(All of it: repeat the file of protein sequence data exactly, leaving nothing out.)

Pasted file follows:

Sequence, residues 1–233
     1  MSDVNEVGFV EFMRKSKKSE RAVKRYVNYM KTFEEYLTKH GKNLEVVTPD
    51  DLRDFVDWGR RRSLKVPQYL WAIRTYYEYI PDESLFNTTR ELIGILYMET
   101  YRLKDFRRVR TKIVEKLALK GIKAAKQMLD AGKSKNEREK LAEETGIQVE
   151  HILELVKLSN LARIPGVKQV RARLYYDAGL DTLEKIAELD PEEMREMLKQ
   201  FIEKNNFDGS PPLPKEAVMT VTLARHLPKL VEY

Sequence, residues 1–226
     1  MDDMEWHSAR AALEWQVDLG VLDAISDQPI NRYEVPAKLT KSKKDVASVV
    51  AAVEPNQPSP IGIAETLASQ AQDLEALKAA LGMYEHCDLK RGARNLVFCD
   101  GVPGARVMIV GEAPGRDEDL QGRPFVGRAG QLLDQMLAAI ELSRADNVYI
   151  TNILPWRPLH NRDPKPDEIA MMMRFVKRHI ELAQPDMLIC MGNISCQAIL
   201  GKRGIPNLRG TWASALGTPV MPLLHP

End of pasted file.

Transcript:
Sequence, residues 1–233
     1  MSDVNEVGFV EFMRKSKKSE RAVKRYVNYM KTFEEYLTKH GKNLEVVTPD
    51  DLRDFVDWGR RRSLKVPQYL WAIRTYYEYI PDESLFNTTR ELIGILYMET
   101  YRLKDFRRVR TKIVEKLALK GIKAAKQMLD AGKSKNEREK LAEETGIQVE
   151  HILELVKLSN LARIPGVKQV RARLYYDAGL DTLEKIAELD PEEMREMLKQ
   201  FIEKNNFDGS PPLPKEAVMT VTLARHLPKL VEY

Sequence, residues 1–226
     1  MDDMEWHSAR AALEWQVDLG VLDAISDQPI NRYEVPAKLT KSKKDVASVV
    51  AAVEPNQPSP IGIAETLASQ AQDLEALKAA LGMYEHCDLK RGARNLVFCD
   101  GVPGARVMIV GEAPGRDEDL QGRPFVGRAG QLLDQMLAAI ELSRADNVYI
   151  TNILPWRPLH NRDPKPDEIA MMMRFVKRHI ELAQPDMLIC MGNISCQAIL
   201  GKRGIPNLRG TWASALGTPV MPLLHP